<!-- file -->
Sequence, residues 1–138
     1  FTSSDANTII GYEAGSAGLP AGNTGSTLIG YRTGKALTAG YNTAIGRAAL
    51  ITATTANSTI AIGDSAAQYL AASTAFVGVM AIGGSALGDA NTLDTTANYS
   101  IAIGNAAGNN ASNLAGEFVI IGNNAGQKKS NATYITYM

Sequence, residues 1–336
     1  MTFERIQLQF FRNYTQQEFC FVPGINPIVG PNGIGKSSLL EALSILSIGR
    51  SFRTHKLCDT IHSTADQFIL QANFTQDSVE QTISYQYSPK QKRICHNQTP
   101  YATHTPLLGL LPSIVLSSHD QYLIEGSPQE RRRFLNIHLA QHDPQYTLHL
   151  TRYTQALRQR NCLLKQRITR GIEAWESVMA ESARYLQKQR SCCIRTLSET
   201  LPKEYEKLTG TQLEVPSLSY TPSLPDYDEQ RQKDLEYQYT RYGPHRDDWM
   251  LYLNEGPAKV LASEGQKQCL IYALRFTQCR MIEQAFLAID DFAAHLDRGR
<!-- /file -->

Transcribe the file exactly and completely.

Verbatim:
Sequence, residues 1–138
     1  FTSSDANTII GYEAGSAGLP AGNTGSTLIG YRTGKALTAG YNTAIGRAAL
    51  ITATTANSTI AIGDSAAQYL AASTAFVGVM AIGGSALGDA NTLDTTANYS
   101  IAIGNAAGNN ASNLAGEFVI IGNNAGQKKS NATYITYM

Sequence, residues 1–336
     1  MTFERIQLQF FRNYTQQEFC FVPGINPIVG PNGIGKSSLL EALSILSIGR
    51  SFRTHKLCDT IHSTADQFIL QANFTQDSVE QTISYQYSPK QKRICHNQTP
   101  YATHTPLLGL LPSIVLSSHD QYLIEGSPQE RRRFLNIHLA QHDPQYTLHL
   151  TRYTQALRQR NCLLKQRITR GIEAWESVMA ESARYLQKQR SCCIRTLSET
   201  LPKEYEKLTG TQLEVPSLSY TPSLPDYDEQ RQKDLEYQYT RYGPHRDDWM
   251  LYLNEGPAKV LASEGQKQCL IYALRFTQCR MIEQAFLAID DFAAHLDRGR